Alexander McQueenMay 9, 2015
There were 36 collections for women during McQueen’s lifetime and at least 11 for men. Starting with the imaginatively titled “Jack the Ripper Stalks his Victims” to Angels & Demons, they were high on drama and a masterclass in fashion history, performance art on the cat-walk that took fashion to another level entirely. All of these colourful titles revolved around a theme, and all of them demonstrated McQueen’s genius as a fashion designer.
Alexander McQueen-The Widow of Culloden – 2006
Palais Omnisports de Paris-Bercy, Paris; 3 March 2006
Of all of these collections, rather than floundering through 3 or 4 of them, or foolishly trying to cover all his collections, this blog will focus on one. Alexander McQueen -The Widow of Culloden, and what a collection it is, for the stag headdress and lace gown from this show sticks in the mind long after it’s gone. A ghostly and ethereal Miss Havisham striding across the wooden floorboards graciously, cautiously with the hem trailing behind her and her ghostly face covered in a lace veil.
Alexander McQueen -The Widow of Culloden was dedicated to Isabella Blow with the models walking round what appeared to be a box on wooden floorboards with music ranging from The Piano (1993) to John Williams’ haunting melodies to Schindler’s List. It was well known that McQueen had Scottish ancestry, and this was demonstrated clearly with Scottish plaids and hints of Scottish gaming. The whole show had elements of wilderness, ferns, leaves, flowers and neutral shades of beige, off white and earthy browns.
Hats were dramatic and were composed of shiny black aeroplanes, birds, feathers, crystals and antlers, one of Philip Treacy and jeweller Shaun Lean’s creations comprised of blue speckled eggs with Swarovski crystals and mallards wings.
Alexander McQueen -The Widow of Culloden had been inspired by the Jacobite Risings that had led to the Battle of Culloden in the mid-18th century and was his memorial to the widows who’d lost their husbands in this bloody war.In fact this theatrical show revealed elements of other periods in history and felt like a masterclass in fashion over the ages, with Elizabethan, Jacobean, regency influences. There were even hints of 30s and 40s in there with brown jackets and skirts reminiscent of the Second World War and 30s opulence. If you knew nothing about history and nothing of fashion, you felt once you’d left, you knew an awful lot more than when you’d first walked in.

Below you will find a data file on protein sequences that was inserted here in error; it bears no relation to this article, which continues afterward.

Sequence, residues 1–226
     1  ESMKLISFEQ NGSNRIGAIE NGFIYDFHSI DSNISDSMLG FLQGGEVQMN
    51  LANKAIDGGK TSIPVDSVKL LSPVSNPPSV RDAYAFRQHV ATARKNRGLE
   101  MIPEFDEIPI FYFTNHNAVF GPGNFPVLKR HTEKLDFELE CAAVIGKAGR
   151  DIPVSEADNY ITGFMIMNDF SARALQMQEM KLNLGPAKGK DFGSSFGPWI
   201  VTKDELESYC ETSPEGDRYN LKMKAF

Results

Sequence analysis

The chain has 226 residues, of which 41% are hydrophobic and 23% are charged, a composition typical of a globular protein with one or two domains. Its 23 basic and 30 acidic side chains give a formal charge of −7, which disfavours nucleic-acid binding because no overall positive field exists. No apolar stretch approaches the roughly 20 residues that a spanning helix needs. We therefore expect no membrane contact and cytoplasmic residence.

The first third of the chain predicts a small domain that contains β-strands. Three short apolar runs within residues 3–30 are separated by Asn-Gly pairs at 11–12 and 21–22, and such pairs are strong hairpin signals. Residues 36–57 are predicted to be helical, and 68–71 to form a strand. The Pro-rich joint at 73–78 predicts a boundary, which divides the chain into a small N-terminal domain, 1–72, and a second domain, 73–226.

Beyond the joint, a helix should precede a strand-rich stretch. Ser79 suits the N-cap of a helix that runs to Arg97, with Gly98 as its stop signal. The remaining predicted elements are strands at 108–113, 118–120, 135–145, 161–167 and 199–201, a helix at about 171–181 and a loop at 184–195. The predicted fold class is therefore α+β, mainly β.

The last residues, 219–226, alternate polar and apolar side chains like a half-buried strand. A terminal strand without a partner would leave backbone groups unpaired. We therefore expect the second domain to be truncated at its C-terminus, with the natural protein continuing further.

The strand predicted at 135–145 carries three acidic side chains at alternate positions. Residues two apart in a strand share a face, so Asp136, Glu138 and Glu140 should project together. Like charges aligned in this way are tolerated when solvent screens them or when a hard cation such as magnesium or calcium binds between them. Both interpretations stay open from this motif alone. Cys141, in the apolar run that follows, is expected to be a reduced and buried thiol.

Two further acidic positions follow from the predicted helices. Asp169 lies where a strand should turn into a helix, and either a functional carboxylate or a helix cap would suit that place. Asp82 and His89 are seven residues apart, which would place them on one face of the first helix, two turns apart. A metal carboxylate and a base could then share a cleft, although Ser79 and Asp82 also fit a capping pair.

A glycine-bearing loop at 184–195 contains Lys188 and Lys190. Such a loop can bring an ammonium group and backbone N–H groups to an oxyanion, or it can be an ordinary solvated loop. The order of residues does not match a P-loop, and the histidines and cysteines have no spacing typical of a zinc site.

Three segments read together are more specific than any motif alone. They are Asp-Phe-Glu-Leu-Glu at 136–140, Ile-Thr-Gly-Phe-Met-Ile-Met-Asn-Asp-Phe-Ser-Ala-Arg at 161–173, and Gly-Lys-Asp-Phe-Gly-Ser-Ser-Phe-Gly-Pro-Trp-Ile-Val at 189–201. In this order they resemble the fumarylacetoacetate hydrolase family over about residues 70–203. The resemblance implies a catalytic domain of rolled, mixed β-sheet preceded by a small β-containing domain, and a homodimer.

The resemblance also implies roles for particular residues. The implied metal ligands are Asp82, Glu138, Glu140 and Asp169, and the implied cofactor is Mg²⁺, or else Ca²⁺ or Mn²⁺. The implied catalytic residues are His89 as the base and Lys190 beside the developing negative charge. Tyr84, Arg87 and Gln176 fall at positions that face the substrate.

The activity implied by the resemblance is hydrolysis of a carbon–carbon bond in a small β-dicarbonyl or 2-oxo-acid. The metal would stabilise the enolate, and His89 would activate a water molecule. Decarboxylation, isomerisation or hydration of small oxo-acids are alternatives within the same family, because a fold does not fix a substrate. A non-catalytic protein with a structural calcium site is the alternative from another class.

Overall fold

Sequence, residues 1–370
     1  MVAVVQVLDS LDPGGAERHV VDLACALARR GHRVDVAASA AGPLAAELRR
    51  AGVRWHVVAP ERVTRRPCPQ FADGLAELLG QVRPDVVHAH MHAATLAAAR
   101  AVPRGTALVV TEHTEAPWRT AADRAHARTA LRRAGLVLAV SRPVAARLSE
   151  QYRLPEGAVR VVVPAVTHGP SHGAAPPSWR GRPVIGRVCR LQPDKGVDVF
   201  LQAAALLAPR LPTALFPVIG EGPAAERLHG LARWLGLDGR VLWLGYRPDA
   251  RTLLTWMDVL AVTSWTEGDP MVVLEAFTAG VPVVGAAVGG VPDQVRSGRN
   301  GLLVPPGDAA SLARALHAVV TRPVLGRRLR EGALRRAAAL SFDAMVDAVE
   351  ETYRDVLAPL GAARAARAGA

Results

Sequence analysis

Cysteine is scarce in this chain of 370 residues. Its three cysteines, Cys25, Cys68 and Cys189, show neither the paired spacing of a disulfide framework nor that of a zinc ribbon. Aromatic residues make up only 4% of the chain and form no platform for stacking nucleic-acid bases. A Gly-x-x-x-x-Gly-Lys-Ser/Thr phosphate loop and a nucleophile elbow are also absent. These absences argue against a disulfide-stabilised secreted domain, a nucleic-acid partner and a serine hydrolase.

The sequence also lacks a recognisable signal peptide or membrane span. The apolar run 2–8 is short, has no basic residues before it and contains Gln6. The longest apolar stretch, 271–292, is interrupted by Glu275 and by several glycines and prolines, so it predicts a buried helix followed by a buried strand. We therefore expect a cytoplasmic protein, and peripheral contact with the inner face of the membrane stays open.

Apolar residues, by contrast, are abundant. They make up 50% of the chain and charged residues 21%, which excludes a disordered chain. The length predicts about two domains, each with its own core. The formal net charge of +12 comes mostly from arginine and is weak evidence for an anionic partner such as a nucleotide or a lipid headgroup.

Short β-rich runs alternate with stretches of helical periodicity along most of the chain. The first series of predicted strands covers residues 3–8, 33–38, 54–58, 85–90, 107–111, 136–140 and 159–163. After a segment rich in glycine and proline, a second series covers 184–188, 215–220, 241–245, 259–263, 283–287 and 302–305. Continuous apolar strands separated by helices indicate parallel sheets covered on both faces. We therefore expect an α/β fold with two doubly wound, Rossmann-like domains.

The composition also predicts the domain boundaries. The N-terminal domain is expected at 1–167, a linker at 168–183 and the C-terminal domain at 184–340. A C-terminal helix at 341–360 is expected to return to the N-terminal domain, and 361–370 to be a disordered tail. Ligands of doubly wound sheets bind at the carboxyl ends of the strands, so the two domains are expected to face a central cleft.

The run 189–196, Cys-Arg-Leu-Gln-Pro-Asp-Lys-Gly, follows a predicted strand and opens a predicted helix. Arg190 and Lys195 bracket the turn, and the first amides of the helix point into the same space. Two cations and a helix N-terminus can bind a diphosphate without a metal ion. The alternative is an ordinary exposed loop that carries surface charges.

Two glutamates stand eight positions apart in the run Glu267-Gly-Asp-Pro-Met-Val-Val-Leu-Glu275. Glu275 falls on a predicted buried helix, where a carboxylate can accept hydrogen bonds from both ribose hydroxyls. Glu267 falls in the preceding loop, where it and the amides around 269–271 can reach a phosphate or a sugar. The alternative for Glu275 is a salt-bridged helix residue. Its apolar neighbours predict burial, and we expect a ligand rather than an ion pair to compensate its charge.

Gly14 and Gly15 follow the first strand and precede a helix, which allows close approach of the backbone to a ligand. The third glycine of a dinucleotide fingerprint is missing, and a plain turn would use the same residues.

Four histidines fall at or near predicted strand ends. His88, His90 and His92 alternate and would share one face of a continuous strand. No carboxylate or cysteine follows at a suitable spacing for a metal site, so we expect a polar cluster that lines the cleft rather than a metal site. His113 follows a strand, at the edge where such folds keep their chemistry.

The emphasis was on nipped in waists and exaggerated hips finished off with large eccentric head pieces that were reminiscent of Isabella Blow’s love of millinery, with bird wings, feathers, planes and antlers adorning the models’ heads.There was plenty of tiers, layers and frills with fur, lace, gold lace and pre-Raphaelite hair. There was sense of familiarity about the looks, it was alien yet familiar, familiar yet very new.
The game keeping fell in time with the towering lace dowagers, while the Scottish plaid walked proudly behind the Jacobean necks and 18th century necklines. It paid homage to the past, yet welcomed the future.
In short, Alexander McQueen -The Widow of Culloden was breath-taking, a return to the catwalk in theatrical style. Alexander McQueen at his best. And at the end, Kate Moss came out of a box floating ethereally in the darkness in a blue gown. A befitting end to a magnificent collection.
That dress – now on display at the V&A
Hats and lace headresses
Birds, heath and lace…
Detail, texture, colour and cut
Exquisite head pieces that seemed to come alive
The unforgettable finale – a Kate Moss hologram